Chinese New Year Food

 

The reason different types of food are so important for Chinese New Year is that food can be used to symbolise positivity and hopefulness as well as bring good luck.

 

And the significance of a food may be based on its appearance or on how the Chinese word for it sounds. Here are several Chinese foods that you might enjoy this Chinese New Year:

 

Fish

fish

In China, a fish served whole is a symbol of prosperity. In fact, a banquet is customary to serve the whole fish last, pointed toward the guest of honour. Fish also has symbolic significance because the Chinese word for fish, yu, sounds like the word for riches or abundance, and it is believed that eating fish will help your wishes come true in the year to come.

 

 

Duck

duck

Ducks represent fidelity in Chinese culture. Also, red dishes are popular at Chinese New Year because red is the colour of happiness.

 

  

Chicken

Chicken

Chicken is popular at Chinese New Year because it symbolises a good marriage and the coming together of families (serving the bird whole emphasises family unity).

 

 

 

 

Seeds (lotus seeds and watermelon seeds)

seeds

Visit an Asian bakery during the Chinese New Year, and you’re likely to find a wide assortment of snacks with different types of seeds in them. The seed-filled treats represent bearing many children in Chinese culture.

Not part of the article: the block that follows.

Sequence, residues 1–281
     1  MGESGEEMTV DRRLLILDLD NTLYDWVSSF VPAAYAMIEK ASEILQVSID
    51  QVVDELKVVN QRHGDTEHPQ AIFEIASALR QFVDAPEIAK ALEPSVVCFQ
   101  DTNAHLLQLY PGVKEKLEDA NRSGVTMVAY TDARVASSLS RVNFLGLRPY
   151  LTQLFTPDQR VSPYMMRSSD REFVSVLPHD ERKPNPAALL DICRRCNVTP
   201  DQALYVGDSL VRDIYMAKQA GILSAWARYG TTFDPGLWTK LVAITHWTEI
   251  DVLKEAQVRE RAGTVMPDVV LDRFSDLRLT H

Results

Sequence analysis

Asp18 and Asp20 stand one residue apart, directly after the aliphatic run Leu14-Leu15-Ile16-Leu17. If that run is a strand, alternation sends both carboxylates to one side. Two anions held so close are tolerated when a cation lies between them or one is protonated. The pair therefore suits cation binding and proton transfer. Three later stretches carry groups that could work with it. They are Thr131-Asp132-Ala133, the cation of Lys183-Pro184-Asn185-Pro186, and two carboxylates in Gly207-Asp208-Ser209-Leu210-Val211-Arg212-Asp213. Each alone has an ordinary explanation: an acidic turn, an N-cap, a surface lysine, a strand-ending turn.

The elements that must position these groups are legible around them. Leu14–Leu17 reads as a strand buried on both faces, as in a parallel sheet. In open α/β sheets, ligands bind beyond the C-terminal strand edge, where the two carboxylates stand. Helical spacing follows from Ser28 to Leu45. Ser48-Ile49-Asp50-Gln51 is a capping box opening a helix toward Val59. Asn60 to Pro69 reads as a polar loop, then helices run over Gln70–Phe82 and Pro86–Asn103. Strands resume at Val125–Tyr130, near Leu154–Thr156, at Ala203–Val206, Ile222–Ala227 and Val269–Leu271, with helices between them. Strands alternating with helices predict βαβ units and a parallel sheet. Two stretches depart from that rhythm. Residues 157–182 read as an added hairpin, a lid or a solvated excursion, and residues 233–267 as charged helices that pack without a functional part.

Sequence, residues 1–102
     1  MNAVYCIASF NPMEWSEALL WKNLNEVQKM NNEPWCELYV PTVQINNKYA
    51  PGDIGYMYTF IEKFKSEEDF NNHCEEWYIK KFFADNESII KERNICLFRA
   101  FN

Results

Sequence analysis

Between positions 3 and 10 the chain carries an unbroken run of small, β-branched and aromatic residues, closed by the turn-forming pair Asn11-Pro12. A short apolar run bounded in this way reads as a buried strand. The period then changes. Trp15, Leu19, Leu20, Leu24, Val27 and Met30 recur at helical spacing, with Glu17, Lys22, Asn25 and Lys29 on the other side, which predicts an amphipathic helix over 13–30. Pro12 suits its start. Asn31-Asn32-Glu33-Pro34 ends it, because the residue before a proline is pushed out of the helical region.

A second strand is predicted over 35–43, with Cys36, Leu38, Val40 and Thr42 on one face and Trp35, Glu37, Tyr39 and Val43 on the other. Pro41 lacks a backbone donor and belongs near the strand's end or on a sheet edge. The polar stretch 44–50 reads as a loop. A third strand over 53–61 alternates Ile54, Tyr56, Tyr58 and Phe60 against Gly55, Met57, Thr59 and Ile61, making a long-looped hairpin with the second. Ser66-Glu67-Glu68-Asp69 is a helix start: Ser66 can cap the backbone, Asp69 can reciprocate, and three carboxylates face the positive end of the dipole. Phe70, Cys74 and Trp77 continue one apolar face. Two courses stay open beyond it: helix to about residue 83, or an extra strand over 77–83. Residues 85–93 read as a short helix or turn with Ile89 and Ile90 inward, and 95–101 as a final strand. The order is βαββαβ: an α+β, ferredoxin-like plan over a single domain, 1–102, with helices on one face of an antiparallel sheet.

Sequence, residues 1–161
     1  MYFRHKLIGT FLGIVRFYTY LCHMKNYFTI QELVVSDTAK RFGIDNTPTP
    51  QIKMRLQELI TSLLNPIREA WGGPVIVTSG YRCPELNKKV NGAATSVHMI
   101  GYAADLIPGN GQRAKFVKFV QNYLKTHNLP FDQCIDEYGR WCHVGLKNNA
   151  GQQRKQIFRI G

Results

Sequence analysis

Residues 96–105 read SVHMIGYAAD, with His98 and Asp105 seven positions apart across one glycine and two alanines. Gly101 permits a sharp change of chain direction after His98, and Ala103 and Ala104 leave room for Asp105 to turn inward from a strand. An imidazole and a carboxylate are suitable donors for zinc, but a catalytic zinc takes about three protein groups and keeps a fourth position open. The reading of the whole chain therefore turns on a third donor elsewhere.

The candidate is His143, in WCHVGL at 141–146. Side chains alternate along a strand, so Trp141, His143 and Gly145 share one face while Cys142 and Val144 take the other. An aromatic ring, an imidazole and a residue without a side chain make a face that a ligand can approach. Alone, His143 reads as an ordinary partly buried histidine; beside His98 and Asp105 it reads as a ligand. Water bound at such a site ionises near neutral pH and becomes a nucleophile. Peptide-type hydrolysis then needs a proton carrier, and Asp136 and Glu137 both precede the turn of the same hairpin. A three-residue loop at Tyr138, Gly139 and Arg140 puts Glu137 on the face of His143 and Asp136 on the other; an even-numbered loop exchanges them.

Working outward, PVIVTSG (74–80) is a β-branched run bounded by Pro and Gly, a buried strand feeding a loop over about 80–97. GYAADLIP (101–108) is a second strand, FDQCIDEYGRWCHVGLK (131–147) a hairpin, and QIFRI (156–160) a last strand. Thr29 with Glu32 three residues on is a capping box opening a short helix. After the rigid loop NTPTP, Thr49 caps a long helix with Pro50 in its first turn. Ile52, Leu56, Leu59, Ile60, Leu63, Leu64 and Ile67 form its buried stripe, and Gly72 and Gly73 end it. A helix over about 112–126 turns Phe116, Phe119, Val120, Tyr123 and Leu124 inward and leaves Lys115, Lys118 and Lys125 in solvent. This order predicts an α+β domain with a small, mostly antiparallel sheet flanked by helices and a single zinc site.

Fruit (tangerines, oranges and pomelos)

orange

Tangerines and oranges are passed out freely during Chinese New Year as the words for tangerine and orange sound like luck and wealth, respectively. As for pomelos, this large ancestor of the grapefruit signifies abundance, as the Chinese word for pomelo sounds like the word for “to have”.

 

 

Cake

cake

Sweet, steamed cakes are a popular treat during Chinese New Year because the sweetness symbolises a rich, sweet life, while the layers symbolise rising abundance for the coming year and the round shapes signifies family reunion.

 

 

Dumplings

dumplings

Another popular Chinese New Year dish is jiaozi, (dumplings boiled in water). In some areas of China, coins are placed in the centre of jiaozi. Whoever bites into one of these dumplings will have an exceptionally lucky year.

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